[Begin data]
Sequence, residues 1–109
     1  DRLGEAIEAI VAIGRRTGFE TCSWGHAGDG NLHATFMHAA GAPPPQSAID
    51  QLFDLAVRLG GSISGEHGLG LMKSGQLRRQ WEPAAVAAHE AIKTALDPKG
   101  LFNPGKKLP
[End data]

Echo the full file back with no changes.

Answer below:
Sequence, residues 1–109
     1  DRLGEAIEAI VAIGRRTGFE TCSWGHAGDG NLHATFMHAA GAPPPQSAID
    51  QLFDLAVRLG GSISGEHGLG LMKSGQLRRQ WEPAAVAAHE AIKTALDPKG
   101  LFNPGKKLP